We finished up by galloping up to a long approach single oxer to let him stretch out and take a mental break from the collection. We were both much happier with that, but the damage was done. My core and legs were so sore for days.

Worth it to add another option to our toolbox!

Do you love the add, or when in doubt do you leave it out?

18 thoughts on “The Dreaded Add Step

  1. nbohl 07/05/2016 / 3:07 pm

    My horse is an ex-steeplechaser and now is a fox hunter/jumper….. I feel your pain for sure & I think my horse laughs at adds


    • hellomylivia 07/06/2016 / 12:51 pm

      That sound I’m hearing is Frankie laughing at me? ….that makes sense actually

      Liked by 1 person

      • nbohl 07/06/2016 / 12:52 pm

        Lol we can start a long strided bay TB fox Hunter “Leave it out” club


  2. Heather 07/05/2016 / 5:00 pm

    I’m more of a leave it out type of gal, but Val is so adjustable that we can do a bounce in a one, or we can do two. Neither of which are what we want, but both have happened. Horses, right?


    • hellomylivia 07/06/2016 / 12:52 pm

      It averages out to the correct striding? That’s what I tell my trainer, anyways. She doesn’t buy it.


  3. carey 07/05/2016 / 5:56 pm

    Cosmo and I worked on this exact thing last week. We backed off our bit so I can and HAVE to hold so much more than I am used to. But, my back and abs were sore, so I must have been doing something right.


    • hellomylivia 07/06/2016 / 12:53 pm

      Pain means something is happening correctly! These big ol’ ponies need so much help from us to mash their bodies together.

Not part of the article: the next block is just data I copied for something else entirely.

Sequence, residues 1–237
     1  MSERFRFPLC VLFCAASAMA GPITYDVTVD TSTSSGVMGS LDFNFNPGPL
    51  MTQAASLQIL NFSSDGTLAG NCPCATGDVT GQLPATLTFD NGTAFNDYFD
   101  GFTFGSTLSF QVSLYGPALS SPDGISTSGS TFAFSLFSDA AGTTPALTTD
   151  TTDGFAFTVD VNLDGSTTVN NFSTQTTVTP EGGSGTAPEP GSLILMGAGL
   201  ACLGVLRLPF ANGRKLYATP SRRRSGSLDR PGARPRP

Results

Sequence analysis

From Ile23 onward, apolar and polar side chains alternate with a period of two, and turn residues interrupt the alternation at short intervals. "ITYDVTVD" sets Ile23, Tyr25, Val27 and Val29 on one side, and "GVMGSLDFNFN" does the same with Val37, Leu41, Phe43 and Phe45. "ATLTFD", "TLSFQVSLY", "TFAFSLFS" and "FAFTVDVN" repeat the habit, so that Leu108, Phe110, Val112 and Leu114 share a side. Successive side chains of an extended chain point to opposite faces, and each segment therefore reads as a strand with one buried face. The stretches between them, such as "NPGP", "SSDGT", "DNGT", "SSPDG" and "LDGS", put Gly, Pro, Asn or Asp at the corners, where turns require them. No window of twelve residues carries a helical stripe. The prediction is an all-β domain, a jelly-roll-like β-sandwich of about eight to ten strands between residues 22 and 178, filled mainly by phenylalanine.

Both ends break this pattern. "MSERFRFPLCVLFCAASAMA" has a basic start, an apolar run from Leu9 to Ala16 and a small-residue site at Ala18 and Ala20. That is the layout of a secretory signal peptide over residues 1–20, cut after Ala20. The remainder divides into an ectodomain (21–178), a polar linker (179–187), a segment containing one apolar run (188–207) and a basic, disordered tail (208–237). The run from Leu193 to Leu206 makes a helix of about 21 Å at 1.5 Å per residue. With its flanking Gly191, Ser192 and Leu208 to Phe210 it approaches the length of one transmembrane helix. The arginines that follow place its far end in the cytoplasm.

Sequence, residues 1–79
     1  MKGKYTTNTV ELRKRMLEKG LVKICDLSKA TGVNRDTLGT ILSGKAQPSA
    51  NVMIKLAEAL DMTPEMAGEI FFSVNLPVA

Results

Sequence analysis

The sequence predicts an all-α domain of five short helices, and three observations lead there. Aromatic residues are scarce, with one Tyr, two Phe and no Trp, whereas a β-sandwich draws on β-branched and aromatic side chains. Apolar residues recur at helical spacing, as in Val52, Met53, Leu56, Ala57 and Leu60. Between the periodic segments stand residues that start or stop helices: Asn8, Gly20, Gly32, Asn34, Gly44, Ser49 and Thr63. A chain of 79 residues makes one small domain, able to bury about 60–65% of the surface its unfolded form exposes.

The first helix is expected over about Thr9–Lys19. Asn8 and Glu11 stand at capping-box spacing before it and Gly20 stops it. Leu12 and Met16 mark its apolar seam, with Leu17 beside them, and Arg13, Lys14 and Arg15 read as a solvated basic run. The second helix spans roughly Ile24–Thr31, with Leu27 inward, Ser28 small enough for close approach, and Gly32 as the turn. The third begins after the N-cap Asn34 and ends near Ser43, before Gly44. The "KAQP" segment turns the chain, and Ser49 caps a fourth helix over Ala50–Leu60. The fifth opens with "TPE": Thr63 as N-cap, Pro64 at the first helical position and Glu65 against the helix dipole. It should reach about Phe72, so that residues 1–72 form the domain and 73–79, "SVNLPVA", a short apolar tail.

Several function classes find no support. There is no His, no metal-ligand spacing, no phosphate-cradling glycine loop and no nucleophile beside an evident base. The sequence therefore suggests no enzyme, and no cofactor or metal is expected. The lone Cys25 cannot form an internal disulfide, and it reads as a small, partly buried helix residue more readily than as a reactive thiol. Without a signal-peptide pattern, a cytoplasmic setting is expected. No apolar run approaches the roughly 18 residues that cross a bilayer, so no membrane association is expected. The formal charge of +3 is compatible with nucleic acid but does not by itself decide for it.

Liked by 1 person

      • carey 07/06/2016 / 1:22 pm

        Seriously, how hard can it be to just take more compact but no less powerful steps??

        Liked by 1 person

  4. Bette 07/05/2016 / 11:11 pm

    Unmmmm…both!! Chimi can do the add real easily (we’re quite talented at putting 3 strides in a 2 stride!) but he can also get strung out and leave long and weak- it’s the happy medium canter that we need help with! Hahaha


    • hellomylivia 07/06/2016 / 12:54 pm

      Seriously it’s that dang medium canter that’s so hard!! Legit the number one thing I’m working on with Francis


  5. Jenn 07/06/2016 / 6:23 am

    Roger says add strides are merely a suggestion, and one-stride grids should be bounced. Obviously 😉


    • hellomylivia 07/06/2016 / 12:55 pm

      Roger don’t need no help with striding, Roger GOT THIS


  6. Centered in the Saddle 07/06/2016 / 1:16 pm

    Drifter looooves the long spot. We’ve been working hard for a month and a half to get him to actually try and add one in. It’s. So. Hard.
    Bonus: I think my abs are as strong as they’ve ever been! 🙂


  7. Stacie Seidman 07/06/2016 / 11:28 pm

    I love the add! I’m all about locking my elbows, and having a good pull… I’ve found the older more seasoned equine just ignore me. But the baby Badger winds up trotting lots of jumps…


  8. Tracy - Fly On Over 07/21/2016 / 2:32 pm

    I’m still in the add camp. Working up to the stride, but I feel more comfortable at a slower pace right now.


    • hellomylivia 07/21/2016 / 2:37 pm

      I think it has a lot to do with the horse’s stride length too- for Frankie, the add step is much harder because he’s got a bonkers gigantic stride length, so it’s actually much more energetic when we do the add!